17 November 2005 | Anusha Bradley
Public sector buyers are "happy" in their jobs and are closing the pay gap with the private sector.
Those were the findings of a survey of 3,000 public sector buyers by recruitment firm Hays Purchasing, in association with the Society of Procurement Officers in Local Government (SOPO).
Respondents cited a higher salary, more interesting work and extra responsibility as factors prompting their last career move. Two-thirds said they would recommend their current employer.
The research found heads of procurement have seen their wages rise by 17 per cent in the past year to an average of £58,412. This is 10 per cent higher than peers in the private sector who earn around £52,992, but lower than the average of £61,500 in manufacturing.
The survey also found the national average salary for buyers in the private sector was only £1,500 above public-sector peers. Pat Law, national director for Hays Purchasing, said the difference was now "less of an issue" and was negated by better working conditions.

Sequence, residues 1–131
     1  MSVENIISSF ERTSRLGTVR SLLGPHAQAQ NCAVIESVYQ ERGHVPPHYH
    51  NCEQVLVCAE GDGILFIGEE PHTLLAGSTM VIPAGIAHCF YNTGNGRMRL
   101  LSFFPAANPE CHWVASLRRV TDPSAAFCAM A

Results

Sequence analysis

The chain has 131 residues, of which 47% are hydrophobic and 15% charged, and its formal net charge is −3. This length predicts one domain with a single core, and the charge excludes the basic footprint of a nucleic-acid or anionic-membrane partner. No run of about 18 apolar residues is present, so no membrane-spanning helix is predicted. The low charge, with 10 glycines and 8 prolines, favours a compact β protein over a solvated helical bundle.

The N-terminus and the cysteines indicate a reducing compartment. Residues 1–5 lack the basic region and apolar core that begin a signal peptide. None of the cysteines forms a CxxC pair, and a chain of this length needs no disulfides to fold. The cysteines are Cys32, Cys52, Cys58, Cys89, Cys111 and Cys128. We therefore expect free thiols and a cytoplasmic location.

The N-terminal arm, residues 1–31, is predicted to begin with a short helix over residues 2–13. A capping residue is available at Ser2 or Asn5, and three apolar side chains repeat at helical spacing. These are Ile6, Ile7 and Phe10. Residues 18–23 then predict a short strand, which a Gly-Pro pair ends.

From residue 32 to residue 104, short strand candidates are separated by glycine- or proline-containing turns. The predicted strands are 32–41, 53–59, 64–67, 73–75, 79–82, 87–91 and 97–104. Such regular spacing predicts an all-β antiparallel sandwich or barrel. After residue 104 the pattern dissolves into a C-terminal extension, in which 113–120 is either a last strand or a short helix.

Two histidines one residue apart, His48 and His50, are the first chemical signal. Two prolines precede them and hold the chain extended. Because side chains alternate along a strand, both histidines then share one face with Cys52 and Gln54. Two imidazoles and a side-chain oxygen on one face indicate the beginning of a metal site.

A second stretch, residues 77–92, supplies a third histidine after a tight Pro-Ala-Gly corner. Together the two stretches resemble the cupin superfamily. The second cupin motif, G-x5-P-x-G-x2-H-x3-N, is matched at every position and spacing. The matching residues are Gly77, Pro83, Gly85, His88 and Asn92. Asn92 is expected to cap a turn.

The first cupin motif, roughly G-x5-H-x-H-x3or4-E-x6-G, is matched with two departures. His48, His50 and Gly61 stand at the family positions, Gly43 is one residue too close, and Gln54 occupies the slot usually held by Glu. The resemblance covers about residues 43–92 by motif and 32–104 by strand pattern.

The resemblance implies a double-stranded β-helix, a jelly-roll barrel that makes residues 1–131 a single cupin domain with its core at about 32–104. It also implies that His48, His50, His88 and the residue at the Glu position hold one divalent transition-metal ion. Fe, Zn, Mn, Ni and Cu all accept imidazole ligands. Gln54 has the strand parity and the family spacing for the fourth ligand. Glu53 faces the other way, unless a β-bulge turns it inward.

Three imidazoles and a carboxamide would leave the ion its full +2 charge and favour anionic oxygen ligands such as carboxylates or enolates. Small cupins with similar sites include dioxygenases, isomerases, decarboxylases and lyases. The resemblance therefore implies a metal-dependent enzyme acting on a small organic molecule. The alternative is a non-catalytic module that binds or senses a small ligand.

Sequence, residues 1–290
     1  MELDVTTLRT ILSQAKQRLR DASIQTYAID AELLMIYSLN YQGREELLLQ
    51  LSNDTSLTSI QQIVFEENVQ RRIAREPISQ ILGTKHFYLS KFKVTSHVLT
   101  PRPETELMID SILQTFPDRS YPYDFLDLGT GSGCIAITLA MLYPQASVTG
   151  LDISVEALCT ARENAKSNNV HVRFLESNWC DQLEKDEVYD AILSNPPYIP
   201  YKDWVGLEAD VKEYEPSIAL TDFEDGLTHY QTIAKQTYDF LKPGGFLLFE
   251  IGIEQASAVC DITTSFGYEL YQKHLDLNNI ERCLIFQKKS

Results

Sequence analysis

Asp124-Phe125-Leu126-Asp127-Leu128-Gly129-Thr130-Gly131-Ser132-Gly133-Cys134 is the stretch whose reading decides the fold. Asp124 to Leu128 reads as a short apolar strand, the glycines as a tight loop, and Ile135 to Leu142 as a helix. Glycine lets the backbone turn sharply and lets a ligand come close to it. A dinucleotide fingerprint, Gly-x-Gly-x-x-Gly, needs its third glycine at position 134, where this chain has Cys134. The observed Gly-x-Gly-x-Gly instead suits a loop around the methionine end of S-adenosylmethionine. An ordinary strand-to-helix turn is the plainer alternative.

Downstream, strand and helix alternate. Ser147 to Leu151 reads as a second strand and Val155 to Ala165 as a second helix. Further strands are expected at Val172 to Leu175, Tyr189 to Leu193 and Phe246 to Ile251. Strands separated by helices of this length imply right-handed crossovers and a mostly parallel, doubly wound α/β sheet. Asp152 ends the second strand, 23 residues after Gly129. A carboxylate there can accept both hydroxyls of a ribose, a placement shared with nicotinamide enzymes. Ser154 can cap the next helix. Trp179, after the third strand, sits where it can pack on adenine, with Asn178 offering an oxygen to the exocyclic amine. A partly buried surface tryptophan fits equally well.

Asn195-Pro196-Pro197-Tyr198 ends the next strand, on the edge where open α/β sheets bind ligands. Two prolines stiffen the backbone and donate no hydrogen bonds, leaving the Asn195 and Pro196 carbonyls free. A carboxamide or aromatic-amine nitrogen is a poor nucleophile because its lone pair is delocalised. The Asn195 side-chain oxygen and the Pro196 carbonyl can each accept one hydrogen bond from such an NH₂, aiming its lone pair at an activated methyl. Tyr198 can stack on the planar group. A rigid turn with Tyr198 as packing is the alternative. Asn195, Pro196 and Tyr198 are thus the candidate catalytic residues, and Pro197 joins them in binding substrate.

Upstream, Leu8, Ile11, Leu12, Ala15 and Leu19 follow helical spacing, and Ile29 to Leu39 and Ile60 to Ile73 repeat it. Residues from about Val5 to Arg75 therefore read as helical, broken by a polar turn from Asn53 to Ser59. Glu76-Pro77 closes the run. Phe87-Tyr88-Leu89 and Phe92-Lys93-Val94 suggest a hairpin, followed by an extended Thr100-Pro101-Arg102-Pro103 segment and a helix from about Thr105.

"The survey blows away the perception about working in the public sector. People are realising it is more interesting than working in a bank, for instance."
SOPO chief executive Peter Howarth agreed: "You're doing something for the social good." But he said more experienced staff were needed and consultants came at "considerable cost".
The study also examined working conditions alongside salaries and 90 per cent of respondents felt they have enough time to spend with family and friends and 88 per cent enjoy flexible working hours - highlighted as a critical factor when considering a new job.
More than 75 per cent of buyers work an average of a day and a half overtime a week, but nearly 80 per cent of those said it was their choice.